My whole life, I have been an avid cricket fan. I began playing the sport aged 9 in my back garden with my Dad, and I seemed to have a knack for it. I self-taught myself to bowl and was coming out with some relative quickies in no time, at least for my age. This was all not long after the passing of my grandfather who himself had been a top player, representing his school side in just his first year at school. It seemed to be a way for my father and me to connect with the memory of my late grandfather whilst doing something we both know he would have been very proud of. It is, of course, a great regret of mine that the man I called ‘Gangar’ never got to see me play.
Cricket is a dying art; a game that, many say, is moving behind the times. With dark, imperial undertones, the success of the sport proliferated at home and throughout the Empire in the 19th century, intended to ‘civilise’ the natives of the colonies. The success of those such as Sachin Tendulkar and Virat Kohli in India, for example, are triumphs over such ignorance. But through their nation’s participation in a sport played almost exclusively by ex-British colonies, it is also an awkward reminder of both cricket and Britain’s imperial past.
The Ashes, too, was born out of this imperial context. After the first Australian win on English soil at The Oval in 1882, the satirical sports newspaper The Sporting Times claimed that English cricket had “died”, the body of which would be “cremated and the ashes taken to Australia”. The English captain of the next 1882-3 tour to Australia, Ivo Bligh, vowed to “regain those ashes”, which, in fact, he did.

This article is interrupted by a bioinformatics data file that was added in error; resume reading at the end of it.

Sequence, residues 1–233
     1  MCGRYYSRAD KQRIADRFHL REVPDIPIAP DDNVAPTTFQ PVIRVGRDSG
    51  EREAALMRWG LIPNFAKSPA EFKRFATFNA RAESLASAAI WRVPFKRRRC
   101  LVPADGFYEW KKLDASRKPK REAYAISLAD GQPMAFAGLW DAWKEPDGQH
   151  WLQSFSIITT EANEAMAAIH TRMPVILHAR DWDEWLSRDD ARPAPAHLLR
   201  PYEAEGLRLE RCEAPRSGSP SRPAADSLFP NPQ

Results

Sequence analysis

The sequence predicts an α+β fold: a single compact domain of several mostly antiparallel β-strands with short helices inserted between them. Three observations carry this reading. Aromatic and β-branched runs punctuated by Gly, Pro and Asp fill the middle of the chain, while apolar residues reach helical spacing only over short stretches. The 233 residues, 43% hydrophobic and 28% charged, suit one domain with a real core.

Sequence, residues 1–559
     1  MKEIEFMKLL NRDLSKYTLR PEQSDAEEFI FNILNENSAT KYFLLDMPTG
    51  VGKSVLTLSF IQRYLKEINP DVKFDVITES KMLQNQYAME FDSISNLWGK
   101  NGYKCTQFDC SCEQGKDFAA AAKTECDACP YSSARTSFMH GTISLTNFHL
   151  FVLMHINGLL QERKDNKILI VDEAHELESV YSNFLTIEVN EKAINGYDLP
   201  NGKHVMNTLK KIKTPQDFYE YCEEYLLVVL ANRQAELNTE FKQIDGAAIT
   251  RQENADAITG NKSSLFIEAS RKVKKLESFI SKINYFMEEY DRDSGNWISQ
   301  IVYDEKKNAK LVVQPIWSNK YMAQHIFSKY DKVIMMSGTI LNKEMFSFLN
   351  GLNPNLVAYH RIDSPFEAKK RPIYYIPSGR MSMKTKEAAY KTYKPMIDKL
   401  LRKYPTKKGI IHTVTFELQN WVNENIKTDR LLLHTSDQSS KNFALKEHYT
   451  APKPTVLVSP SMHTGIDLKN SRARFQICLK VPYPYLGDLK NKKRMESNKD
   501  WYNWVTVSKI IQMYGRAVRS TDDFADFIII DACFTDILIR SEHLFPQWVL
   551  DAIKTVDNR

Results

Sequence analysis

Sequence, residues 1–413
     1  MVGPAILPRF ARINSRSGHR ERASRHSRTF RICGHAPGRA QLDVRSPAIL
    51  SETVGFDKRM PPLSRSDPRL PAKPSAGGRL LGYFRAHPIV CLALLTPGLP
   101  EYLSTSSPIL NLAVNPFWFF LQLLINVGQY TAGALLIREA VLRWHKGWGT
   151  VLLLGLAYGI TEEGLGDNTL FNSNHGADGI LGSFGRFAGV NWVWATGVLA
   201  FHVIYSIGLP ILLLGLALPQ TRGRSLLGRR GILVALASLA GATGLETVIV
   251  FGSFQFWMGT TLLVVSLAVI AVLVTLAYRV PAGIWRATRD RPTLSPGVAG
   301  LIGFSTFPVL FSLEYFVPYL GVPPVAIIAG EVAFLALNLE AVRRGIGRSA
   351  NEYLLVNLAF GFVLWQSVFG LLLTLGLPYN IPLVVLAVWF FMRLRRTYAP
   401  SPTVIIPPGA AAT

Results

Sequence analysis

Nearly 150 years later, we find ourselves as English fans in the same predicament that Mr Bligh found himself in 1882. The first test ended in Australia this year with an Aussie win by 9 wickets; the second by 275 runs; the third by an innings and 14 runs. As I write, Jonny Bairstow is 103 not-out in the fourth test; but his persistence seems rather futile. Nevertheless, I imagine it can’t hurt to score runs on Aussie soil.
The defeat Down Under however, is particularly worrying this year in light of the developments taking place behind the scenes at the ECB in the past couple of years. Test cricket is no longer a priority. Short-form games are prioritised, and receives most of the funding. The Hundred, a success, I will admit, is indicative of this neglect; and even though last summer was as brilliant as it was, particularly for the women’s game, this Ashes proved to be a test at the side’s resolve and capabilities at the long form of the game. Australia does, of course, have the Big Bash, but evidently is better at balancing its short and long-form foci. Perhaps lessons could be learnt from our Aussie cousins; I would advise they should be, however hard it may be.
This leaves English cricket in a precarious predicament at the dawn of 2022. It is not a sport, perhaps, that is attractive to younger audiences; nor is the test team at a level where the country is as captivated by their talent as we were last summer with the football at the European Championships, though the one-day sides are quite impressive. It is, indeed, a dying art. Or is it evolving? As a purest, I see its supposed ‘evolution’ as dangerous, and lacking precedent. The Ashes, a source of national pride but also one of the most fantastic athletic spectacles on the planet, cannot continue to fade into the abyss as this series threatens for the English. But perhaps this is a case of “adapt or die”. I know the game I fell in love with as a child, that I remember my grandfather through, will not be the same again in the 21st century. But what I do know is that I wish it to survive. My mind is not made up yet as to how, but in light of the Ashes, it appears it might be made up for me sooner rather than later.